While the “age of accountability” idea does work around the abhorrent image of a God who condemns infants for eternity for the actions of others, it creates its own problems. Not least of those is the strange way it leads people to speak of and to children. We raise the child to love Jesus and tell them over and over again how much Jesus loves them. We teach them to pray and to sing to Jesus. And then at some point we tell them they are separated from God and they need to tell Jesus they’re sorry and that they love him and that they want him in their lives. But haven’t we raised them loving Jesus? Why is Jesus suddenly requiring them to ask for his forgiveness? How have they truly wronged him to create such a sudden separation? Yes, at some point every person will have to make their childhood faith their own if they are going to continue in that faith. I have no argument on that point. But doesn’t that only seem like an exceedingly strange way to go about it? Or is that just me?

However, I digress. We all recognize that condemning descendants for the actions of their ancestor is fundamentally unjust. That was the point of the thought experiment yesterday. The injustice of the idea is simply magnified when we consider children. And it was on this point that I first rejected the idea of inherited guilt. But it was hardly the only reason I found to reject it or the only problem I found it raised. So we’ll continue this meandering series tomorrow.

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4 Comments

  1. Posted February 24, 2010 at 1:48 pm | Permalink

    Well, I do think it goes against our reason to believe that little babies could actually be born guilty, and lost…separated from God…but that is what the Scriptures tell us.

    We were conceived in sin. We are all born rejecting God. That is our condition.

    But, God is a merciful and loving God. He promises to forgive sin and give us the Holy Spirit in our baptisms. (no age requirement there…infants are welcome to be baptized into the death and resurrection of Christ, as well)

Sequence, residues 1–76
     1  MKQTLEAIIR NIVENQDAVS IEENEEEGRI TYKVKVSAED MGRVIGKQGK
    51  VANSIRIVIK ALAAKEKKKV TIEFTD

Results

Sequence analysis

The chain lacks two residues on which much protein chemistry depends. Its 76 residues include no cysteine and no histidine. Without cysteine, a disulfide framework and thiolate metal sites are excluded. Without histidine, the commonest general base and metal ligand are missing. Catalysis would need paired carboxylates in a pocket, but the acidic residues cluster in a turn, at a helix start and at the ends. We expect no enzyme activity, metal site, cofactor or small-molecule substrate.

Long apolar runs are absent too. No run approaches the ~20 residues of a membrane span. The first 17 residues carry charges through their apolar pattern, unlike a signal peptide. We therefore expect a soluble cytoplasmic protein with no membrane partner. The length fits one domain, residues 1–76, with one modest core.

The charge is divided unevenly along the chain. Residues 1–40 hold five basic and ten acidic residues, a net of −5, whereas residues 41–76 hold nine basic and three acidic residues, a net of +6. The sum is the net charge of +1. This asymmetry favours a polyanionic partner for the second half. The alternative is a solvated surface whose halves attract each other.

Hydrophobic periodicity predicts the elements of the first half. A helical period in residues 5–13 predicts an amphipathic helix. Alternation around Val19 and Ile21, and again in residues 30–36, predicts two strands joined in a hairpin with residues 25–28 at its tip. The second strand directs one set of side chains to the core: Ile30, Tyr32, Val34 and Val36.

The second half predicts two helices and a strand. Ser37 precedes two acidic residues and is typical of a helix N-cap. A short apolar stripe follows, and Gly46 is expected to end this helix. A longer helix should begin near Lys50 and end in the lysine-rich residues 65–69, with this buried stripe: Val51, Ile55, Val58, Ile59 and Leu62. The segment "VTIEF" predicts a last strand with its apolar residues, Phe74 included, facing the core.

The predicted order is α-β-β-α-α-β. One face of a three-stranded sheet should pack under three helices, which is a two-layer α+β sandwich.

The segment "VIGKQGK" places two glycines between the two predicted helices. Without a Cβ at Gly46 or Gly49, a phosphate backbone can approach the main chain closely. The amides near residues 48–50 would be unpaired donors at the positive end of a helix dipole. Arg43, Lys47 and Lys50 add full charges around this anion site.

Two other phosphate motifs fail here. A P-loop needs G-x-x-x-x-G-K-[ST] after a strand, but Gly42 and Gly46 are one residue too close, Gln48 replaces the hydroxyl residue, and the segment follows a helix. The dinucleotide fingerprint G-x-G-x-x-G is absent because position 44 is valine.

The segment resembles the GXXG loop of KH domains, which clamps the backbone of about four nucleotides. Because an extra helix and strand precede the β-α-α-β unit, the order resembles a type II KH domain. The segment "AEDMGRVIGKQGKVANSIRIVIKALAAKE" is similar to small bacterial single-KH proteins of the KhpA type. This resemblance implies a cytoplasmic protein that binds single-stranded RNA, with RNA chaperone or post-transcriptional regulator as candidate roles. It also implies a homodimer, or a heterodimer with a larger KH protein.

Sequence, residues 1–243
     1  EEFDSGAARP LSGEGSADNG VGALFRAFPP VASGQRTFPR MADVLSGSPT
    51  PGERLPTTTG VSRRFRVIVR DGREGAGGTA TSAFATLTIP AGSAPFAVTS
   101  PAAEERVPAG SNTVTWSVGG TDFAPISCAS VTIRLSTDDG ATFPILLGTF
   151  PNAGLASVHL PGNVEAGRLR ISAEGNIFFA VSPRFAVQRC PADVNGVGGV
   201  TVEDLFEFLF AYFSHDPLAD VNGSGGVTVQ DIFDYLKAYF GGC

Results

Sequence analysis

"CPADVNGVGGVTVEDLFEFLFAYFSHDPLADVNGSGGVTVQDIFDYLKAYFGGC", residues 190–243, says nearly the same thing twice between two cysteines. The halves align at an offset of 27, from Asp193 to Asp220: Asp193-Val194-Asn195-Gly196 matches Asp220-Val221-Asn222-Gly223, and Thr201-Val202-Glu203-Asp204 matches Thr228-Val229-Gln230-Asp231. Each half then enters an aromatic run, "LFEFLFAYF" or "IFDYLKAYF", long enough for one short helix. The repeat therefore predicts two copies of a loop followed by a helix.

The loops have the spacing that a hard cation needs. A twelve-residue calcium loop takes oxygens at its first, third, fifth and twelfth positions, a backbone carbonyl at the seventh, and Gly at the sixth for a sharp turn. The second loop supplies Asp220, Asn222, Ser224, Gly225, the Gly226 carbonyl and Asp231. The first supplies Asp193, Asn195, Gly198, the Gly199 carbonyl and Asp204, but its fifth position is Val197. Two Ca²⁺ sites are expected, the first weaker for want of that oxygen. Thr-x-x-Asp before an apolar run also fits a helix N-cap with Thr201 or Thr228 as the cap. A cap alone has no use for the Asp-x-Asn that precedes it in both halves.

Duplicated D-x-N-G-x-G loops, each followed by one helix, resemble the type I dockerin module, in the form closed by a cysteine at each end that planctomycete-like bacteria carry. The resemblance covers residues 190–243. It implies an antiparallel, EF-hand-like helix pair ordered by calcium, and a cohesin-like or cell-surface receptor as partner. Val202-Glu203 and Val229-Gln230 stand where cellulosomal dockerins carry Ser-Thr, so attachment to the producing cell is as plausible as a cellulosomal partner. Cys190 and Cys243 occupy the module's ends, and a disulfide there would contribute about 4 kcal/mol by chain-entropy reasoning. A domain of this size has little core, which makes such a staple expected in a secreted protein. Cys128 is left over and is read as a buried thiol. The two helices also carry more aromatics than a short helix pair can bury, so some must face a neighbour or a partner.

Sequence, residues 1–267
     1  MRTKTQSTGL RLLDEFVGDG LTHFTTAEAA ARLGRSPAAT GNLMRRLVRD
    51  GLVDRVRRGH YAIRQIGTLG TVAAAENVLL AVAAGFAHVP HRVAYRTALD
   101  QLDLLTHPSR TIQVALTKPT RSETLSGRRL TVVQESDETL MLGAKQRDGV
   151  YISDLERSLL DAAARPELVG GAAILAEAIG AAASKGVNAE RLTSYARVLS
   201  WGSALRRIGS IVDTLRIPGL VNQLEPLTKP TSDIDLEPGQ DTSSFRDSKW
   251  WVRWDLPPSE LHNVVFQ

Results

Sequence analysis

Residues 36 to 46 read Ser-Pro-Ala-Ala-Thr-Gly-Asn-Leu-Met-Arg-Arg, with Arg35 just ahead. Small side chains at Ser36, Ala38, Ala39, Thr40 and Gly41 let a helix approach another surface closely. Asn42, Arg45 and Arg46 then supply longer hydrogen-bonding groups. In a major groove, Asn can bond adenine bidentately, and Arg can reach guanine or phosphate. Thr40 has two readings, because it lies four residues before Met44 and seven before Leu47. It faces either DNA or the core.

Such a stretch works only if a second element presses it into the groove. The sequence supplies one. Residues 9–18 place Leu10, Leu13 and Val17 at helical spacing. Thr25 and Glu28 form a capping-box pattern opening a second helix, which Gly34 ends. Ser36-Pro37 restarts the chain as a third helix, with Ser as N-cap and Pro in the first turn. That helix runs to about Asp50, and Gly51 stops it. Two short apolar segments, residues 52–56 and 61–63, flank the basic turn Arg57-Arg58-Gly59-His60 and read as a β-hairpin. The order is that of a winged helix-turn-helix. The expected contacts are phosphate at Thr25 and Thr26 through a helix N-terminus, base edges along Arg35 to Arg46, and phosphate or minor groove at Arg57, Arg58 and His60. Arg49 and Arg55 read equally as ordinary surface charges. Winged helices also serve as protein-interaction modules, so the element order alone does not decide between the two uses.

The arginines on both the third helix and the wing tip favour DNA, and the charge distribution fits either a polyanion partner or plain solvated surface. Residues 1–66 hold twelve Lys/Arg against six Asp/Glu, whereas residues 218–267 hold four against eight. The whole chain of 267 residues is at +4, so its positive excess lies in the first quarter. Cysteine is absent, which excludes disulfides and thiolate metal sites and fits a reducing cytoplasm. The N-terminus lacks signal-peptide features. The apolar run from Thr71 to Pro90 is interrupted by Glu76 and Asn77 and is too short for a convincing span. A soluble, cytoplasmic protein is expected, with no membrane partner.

‘Original sin’ is orthodox Christian doctrine, even if we do not like the teaching.

  2. Posted February 24, 2010 at 6:22 pm | Permalink

    First, it goes against our reason to believe that anyone is born juridically guilty of another person’s actions because it is inherently unreasonable, however you wish to justify it. Moreover, one can justify anything and any god with the right selection of sacred prooftexts, oracles, prophetic vision, sign. And over the course of human history people have so justified just about every god available.

    A god that would judge an infant guilty for the act of a distant ancestor and condemn that infant to eternal torment on the basis of that inherited guilt alone is at least as evil a god as Baal who demanded infant sacrifice. (I say “at least” because with Baal the torment was not eternal.) It makes no difference what other sort of condition or allowance has been made. If baptism, then the majority of the world’s infants had no opportunity for baptism. Almost every Christian tradition that accepts the idea of inherited guilt attempts to create an “out” for this problem because almost every human being instinctively recognizes that such an action is evil and a god who did it would be an evil god.